Last week, the shareholders of Smithfield Foods, a Virginia-based pork producer, approved the company’s sale to China’s Shuanghui International for $4.7 billion. Shareholder support of this decision topped 96% and the landmark vote represents the largest Chinese purchase of an American firm to date. This would be fine if not for China's track record of colossally alarming food safety scandals, particularly considering that a subsidiary of Shuanghui International was found in possession of pigs that had been fed the poisonous additive clenbuterol in 2011. Should this concern consumers in the United States? After all, the Department of Agriculture reported that the U.S. imported 4.1 billion pounds of food products from China by the end of last year, including fish, produce and even artificial vanilla.
Fortunately, it is unlikely that Shuanghui International is about to flood U.S. markets with maggot-infested sausages. Rather, according to Minxin Pei, the company may be more interested in supplying the Chinese market with safe pork products. As Pei explained on CNN, demand for pork in China is six times higher than in the U.S. and America’s safe pig farms will help Shuanghui provide unlaced meat to Chinese consumers. So if Pei is right, rather than tainted bacon coming our way, it appears China will get some respite from a myriad of potential last meals.
Sadly, food safety is a daily concern for Chinese citizens. Chinese merchants are notorious for selling fake handbags and watches, but they also produce fake eggs, fake buns and even fake meat. Rumors of girls dropping dead after family dinners are common on the street and locals frequently warn foreigners of rat meat posing as lamb. Just this month, police in Xi’an seized 22 tons of fake beef treated with paraffin for appearance. One of the most nauseating food safety incidents came in 2011, when the Chinese government found 70 tons of “gutter oil” (used cooking oil scooped up from sewers and sold to restaurants) at The Jinan Green Bio Oil Company.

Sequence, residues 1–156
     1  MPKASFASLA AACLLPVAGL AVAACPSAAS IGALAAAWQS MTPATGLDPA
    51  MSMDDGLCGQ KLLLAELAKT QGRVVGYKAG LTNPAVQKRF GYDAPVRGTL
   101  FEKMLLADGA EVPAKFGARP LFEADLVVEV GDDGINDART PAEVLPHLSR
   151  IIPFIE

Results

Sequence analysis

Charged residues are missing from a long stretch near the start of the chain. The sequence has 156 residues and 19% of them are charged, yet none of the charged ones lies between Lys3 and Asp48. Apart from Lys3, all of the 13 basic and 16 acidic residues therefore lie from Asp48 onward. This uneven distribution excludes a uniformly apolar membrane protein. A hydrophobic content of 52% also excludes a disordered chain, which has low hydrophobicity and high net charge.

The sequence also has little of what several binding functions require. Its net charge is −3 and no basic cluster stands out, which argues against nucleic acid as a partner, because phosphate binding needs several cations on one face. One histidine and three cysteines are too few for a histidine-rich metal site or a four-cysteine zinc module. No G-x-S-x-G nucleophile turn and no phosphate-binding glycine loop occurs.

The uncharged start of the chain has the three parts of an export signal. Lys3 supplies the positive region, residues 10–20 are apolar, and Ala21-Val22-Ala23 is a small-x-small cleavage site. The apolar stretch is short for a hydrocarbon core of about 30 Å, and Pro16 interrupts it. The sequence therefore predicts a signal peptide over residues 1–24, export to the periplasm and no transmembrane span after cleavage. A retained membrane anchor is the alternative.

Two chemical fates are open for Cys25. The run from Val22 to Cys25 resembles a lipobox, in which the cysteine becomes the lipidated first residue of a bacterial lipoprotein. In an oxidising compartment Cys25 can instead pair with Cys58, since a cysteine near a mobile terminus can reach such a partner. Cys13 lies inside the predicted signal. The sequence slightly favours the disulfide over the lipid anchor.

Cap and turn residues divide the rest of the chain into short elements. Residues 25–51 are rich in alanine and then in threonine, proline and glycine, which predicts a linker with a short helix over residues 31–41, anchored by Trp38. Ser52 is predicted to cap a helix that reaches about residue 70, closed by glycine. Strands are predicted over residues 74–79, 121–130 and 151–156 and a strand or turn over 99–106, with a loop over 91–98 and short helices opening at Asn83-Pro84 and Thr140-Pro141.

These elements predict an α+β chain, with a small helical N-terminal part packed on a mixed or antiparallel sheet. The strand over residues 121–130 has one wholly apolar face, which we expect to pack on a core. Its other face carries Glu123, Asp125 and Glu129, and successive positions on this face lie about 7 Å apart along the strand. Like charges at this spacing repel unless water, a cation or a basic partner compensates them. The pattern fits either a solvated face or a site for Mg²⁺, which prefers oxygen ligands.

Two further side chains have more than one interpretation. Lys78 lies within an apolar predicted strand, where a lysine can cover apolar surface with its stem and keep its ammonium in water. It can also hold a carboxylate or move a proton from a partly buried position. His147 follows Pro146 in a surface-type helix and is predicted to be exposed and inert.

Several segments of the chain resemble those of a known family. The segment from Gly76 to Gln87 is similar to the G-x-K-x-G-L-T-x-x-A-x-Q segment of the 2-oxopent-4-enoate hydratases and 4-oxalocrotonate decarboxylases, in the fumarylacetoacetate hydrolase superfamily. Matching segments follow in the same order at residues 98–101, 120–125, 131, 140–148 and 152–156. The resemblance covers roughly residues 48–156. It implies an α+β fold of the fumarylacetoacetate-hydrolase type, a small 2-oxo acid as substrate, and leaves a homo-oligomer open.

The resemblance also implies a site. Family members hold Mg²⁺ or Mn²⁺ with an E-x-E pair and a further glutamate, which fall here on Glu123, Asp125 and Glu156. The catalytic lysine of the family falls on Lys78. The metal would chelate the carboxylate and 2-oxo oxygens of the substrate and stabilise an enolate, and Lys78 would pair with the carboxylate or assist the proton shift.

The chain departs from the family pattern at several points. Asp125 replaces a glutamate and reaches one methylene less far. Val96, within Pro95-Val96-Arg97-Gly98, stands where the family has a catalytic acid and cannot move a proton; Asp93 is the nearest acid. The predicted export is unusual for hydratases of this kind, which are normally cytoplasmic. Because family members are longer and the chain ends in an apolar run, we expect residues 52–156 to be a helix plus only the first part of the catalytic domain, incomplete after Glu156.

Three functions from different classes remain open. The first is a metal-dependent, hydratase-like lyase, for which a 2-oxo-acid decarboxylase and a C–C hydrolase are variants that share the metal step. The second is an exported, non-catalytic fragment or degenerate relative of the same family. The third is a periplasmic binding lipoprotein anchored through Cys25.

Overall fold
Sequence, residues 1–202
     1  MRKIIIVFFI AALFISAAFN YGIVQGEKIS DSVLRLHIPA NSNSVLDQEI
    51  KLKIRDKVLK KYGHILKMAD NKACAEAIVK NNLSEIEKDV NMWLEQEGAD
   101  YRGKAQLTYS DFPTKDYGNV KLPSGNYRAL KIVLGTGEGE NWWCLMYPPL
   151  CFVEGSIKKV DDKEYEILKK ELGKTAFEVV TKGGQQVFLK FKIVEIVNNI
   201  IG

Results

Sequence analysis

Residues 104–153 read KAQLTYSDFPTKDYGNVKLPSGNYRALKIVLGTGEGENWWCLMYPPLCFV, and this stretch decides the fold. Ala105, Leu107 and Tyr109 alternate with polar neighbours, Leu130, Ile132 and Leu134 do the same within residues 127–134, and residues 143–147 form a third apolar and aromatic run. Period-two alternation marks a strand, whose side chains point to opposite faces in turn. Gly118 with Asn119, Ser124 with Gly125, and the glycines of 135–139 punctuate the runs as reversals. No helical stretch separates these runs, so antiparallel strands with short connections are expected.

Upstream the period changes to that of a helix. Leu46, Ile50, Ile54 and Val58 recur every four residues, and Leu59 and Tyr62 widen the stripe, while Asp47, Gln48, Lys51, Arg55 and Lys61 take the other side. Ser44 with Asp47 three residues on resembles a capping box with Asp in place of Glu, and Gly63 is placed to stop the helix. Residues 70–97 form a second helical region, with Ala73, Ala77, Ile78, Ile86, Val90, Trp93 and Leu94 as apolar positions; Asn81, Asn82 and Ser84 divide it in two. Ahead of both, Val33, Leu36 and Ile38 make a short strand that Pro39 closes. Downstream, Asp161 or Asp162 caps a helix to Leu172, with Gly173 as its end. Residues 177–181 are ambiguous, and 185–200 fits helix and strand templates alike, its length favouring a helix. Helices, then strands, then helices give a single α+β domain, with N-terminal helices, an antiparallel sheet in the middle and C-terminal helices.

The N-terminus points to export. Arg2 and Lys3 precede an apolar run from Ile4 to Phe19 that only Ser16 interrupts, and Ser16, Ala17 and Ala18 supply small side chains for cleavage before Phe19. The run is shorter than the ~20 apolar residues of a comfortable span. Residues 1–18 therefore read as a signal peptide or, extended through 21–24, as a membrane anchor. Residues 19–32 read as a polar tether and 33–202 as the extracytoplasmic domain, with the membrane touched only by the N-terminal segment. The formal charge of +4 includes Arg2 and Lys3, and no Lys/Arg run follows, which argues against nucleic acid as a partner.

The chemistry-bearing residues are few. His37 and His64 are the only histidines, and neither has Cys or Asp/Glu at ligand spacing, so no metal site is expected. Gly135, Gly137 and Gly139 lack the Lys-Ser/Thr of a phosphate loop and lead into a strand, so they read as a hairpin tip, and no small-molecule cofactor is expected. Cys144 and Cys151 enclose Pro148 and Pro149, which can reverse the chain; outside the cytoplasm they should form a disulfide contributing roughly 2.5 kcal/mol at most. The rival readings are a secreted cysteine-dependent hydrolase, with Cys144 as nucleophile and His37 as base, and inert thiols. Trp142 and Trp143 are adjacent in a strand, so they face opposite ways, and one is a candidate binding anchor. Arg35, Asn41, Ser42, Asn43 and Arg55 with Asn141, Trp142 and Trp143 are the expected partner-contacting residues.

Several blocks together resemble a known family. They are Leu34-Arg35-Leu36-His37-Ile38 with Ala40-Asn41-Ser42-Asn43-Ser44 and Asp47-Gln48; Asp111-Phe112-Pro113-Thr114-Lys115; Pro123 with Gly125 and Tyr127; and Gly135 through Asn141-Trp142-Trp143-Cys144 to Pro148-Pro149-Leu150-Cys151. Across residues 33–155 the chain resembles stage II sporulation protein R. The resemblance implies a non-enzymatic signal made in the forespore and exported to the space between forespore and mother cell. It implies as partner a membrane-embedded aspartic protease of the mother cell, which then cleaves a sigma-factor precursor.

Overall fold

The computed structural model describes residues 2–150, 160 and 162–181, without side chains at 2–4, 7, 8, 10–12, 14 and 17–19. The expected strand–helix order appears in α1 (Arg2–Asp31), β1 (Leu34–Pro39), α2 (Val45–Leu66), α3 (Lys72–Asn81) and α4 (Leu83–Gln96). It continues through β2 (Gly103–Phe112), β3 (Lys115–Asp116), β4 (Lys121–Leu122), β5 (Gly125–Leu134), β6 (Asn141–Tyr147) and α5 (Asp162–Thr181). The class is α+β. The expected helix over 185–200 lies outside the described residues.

In 2008, approximately 300,000 Chinese babies fell ill after consuming baby formula contaminated with melamine. This industrial chemical was used by milk producers to artificially boost protein levels during quality tests. Six babies died from kidney damage. The distrust of Chinese-made formula has become so widespread in the wake of the incident that the Hong Kong government has been forced to implement limits and penalties against the scores of mainlanders that are flocking to the city to buy safe formula. To make matters worse, high levels of mercury and aflatoxin (a carcinogenic fungus) were found in Chinese milk products in 2011 and 2012.8 Just last month, the Food and Drug Administration of the southern province of Guangdong announced that eight out of 18 samples of rice tested from local restaurants contained high levels of cadmium, another carcinogen.
Also a common threat: fake alcohol. Responsible bar owners sometimes make it a habit to sample their shipments to ensure they are selling the real thing to their patrons. Some foreign-owned bars even have signs on their tables educating potentially unaware customers on the symptoms of methanol poisoning, a highly toxic form of alcohol which has been found in adulterated drinks. Even a small amount of methanol can cause blindness or death.
In light of all these food problems and many more, it should come as no surprise that China is interested in the advanced production processes and high-quality meat that Smithfield can provide. Again, it is unlikely (one hopes) that any threatening amount of contaminated food will find its way to American tables, though some lawmakers have expressed concern that the takeover could in fact leave the US vulnerable to pork shortages Perhaps, but a scarcity of hot dogs is certainly preferable to the alternative.
Isaac Medina holds an MIR from Peking University. He has previously worked for The National Bureau of Asian Research and the American Foreign Policy Council.